• Parviz Tavakoli-kolour added an answer:
    Can someone identify this Gastropod species?
    We found this species on Rocky shore In persian Gulf, We known this species is belongs to the genus Onchidium, we need identify to species level
    Parviz Tavakoli-kolour · Islamic Azad University - Bandar Abbas Branch

    Dear Dr. Hoeksema

    Thanks a lot  for your attention



  • Ljubomir Jacić added an answer:
    If I obtain the Shannon-Weiner diversity index as 2.85, what can I interpret from this about the diversity?
    I have calculated the Shannon-Weiner diversity for coral species and have obtained 2.85, what does this value infer about the diversity of the corals?
    Ljubomir Jacić · Technical College Požarevac

    Dear @Gianni, I do not like downvoters without the explanation for! Even then, You may write a critique on response that You do not like, but not to down vote!

  • Alexandra Richter added an answer:
    Can someone help me identify this marine mollusc?
    I got it from Okha, Gujarat, India
    Alexandra Richter · University of Oviedo

    It is certainly not Urosalpinx cinerea and neither Ocinebrellus inornatus. I've seen Musem collections from the first species and here in our BOS collections we have O. inornatus, and they look quite different. whether it is Chicoreus torrefactus or not, I don't know, but maybe you can check in the virtual Museum of Rotterdam, where there are Musem specimens on line.

  • Rubén Barone added an answer:
    Do you agree that weeds are a biological threat to diversity?
    Most of the protected areas are highly infested by few weed species. So can we considered invasive weed species are biological threat for other endemic species?
    Rubén Barone · Independent Researcher

    In the Macaronesian islands (e.g. in the Canaries) we have very good examples of invasive species which invade very easily good preserved and important habitats with a lot of endemic plants and animals (mainly invertebrates). One of the most dangerous species is Pennisetum setaceum, an African grass that modify the habitat and the landscape. Its eradication is very difficult (if not impossible), and at this moment we would need a lot of money to maintain the populations controled, at least in protected areas. The situation in the central islands of the Canary archipelago (Gran Canaria and Tenerife) is simply catastrophic in many areas, mainly in lower and middle zones, as this plant tends to colonize mostly arid and semiarid sites.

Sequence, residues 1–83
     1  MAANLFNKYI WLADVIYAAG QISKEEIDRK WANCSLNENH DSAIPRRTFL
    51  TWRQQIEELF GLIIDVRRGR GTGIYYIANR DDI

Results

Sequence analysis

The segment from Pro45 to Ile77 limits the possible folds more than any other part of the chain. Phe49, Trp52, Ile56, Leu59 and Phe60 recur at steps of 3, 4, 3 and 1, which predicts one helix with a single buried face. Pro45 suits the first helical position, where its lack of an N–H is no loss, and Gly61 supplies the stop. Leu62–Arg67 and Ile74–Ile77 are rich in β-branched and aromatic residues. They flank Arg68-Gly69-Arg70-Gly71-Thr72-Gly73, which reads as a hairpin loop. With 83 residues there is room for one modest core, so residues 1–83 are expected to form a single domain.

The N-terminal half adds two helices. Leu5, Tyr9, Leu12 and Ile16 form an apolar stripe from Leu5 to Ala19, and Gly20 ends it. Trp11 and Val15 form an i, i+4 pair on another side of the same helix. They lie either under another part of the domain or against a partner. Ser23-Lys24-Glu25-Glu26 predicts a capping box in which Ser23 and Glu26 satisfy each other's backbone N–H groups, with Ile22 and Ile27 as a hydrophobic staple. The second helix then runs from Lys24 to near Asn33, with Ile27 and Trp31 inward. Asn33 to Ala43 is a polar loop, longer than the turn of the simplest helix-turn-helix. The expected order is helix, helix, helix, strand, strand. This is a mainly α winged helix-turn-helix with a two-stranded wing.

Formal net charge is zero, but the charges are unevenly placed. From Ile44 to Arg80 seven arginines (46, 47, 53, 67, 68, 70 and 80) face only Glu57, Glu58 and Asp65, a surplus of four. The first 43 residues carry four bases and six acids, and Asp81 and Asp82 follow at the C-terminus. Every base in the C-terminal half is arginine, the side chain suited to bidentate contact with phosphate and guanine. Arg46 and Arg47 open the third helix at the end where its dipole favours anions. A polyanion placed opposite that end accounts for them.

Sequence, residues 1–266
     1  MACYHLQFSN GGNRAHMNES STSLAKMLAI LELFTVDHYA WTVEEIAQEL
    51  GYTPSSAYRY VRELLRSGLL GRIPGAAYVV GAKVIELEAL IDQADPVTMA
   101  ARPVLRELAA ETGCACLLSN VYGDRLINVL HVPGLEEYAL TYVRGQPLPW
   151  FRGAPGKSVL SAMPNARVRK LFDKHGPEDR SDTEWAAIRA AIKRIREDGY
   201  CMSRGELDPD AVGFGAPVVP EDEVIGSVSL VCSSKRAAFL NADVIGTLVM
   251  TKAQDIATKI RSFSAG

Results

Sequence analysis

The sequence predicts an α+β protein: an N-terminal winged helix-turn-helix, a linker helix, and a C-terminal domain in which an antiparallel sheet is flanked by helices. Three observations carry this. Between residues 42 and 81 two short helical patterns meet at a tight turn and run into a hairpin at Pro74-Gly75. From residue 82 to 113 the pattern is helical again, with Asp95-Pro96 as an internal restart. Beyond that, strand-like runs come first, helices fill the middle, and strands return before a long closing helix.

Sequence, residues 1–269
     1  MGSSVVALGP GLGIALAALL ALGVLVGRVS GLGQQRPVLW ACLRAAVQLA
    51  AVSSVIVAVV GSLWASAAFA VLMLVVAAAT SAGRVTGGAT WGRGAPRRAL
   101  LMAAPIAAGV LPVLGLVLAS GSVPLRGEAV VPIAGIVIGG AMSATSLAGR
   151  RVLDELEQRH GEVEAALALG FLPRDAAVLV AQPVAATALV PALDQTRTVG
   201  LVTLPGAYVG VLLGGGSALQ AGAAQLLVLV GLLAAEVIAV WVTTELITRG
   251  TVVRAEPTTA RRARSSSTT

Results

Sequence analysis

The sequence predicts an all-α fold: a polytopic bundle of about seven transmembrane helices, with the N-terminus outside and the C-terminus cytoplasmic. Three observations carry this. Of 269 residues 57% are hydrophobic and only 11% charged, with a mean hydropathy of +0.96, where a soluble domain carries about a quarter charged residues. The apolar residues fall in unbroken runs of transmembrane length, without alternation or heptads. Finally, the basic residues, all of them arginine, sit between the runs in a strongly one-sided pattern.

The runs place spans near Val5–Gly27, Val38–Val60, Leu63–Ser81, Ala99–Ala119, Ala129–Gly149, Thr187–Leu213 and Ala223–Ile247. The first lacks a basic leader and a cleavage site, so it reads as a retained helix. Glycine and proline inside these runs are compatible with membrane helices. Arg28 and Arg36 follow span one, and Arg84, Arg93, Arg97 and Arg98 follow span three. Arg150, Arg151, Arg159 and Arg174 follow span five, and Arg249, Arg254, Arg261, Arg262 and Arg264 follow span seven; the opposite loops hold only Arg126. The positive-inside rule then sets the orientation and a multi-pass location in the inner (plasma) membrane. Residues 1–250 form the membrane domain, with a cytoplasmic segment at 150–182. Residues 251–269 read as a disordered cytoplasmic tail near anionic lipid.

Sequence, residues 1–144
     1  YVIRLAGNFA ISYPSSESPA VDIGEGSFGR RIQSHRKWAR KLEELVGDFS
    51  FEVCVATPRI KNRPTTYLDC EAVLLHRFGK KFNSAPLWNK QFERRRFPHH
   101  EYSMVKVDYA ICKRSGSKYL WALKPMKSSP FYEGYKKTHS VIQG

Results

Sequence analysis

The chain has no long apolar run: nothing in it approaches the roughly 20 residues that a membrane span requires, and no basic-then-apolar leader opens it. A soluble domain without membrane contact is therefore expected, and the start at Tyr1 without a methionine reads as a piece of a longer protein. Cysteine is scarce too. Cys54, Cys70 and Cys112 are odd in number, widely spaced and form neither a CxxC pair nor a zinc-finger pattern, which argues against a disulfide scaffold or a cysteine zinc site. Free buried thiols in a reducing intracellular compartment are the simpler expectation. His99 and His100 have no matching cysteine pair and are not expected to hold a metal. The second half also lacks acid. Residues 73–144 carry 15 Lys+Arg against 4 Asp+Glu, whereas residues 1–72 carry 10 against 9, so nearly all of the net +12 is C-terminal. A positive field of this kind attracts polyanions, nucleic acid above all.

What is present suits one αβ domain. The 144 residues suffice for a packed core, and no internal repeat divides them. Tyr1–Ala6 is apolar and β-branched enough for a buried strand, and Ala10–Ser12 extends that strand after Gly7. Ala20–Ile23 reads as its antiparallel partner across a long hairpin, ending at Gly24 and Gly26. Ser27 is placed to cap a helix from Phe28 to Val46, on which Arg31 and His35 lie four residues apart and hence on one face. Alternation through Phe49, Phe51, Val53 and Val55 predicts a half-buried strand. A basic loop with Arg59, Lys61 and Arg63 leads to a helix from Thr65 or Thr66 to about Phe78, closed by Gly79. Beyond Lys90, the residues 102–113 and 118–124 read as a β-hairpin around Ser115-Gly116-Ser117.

• Paul Scholte added an answer:
    Which conditions are used to define an ecosystem as a "woodland"?
    In Argentina, the National Law 26.331 defines a woodland as a "natural forestry ecosystem integrated by mature native trees, with different species of plants and animals, associated to the topsoil, subsoil, atmosphere, climate and hydric resources, [...] under a condition of dynamic equilibrium...". Its regulation also defines as prime conditions that the woodlands should have trees of at least 3 m high and should occupy a surface superior to 10 has.
    This question implies a series of questions:
    - What happens with mature plantations with exotic species that generated suitable conditions as an habitat for flora and fauna?
    - What happens with shrublands in desert systems, with isolated tree species or associated to specific ecological conditions?
    - Is a woodland an area of trees with less than 3 m high? What should be the minimal density of trees?
    - Is a woodland a patch of less than 10 has of extension, eg. 1 ha?
    - Are water beds "lineal riparian woodlands"?
    - What happens with its potential in the future, eg. an area with no trees but with high density of sprouts?
    Paul Scholte · Deutsche Gesellschaft für Internationale Zusammenarbeit

    Dear Marcos,

    Even in an environment as arid as Yemen, 'woodland' exists, at least we defined a structure based on cover of trees (>3 m) and shrubs (1-3 m), see  for its caracteristics and application:

  • Ripu M. Kunwar added an answer:
    Could anybody suggest to me how to use Arc GIS to observe the shifting treeline in the Himalayas?
    Ripu M. Kunwar · Florida Atlantic University

    Achyut, in GIS DEM model can be used. Over time you can use RS images using pseudo color images, true color images, thermal images and  SW and LW IR images. Then you can ground truth. Dendrochronology, age determination, and application of DEM and RS would be better. 

  • Carballeira C. asked a question:
    Does anyone need a professional on environmental impacts of aquaculture?

    I am looking for a job to allow me continue working on my phD topic.

  • Thomas L Fleischner added an answer:
    Is teaching basic natural history skills at colleges and universities still relevant?
    Job descriptions for new hires at colleges and universities rarely include desired expertise in natural history or field ecology. Are we then missing a basic, foundational skill set to pass on to new students? Or, do such skills lack relevance with the trajectories of environmental research, grants and funding opportunities?
    Thomas L Fleischner · Prescott College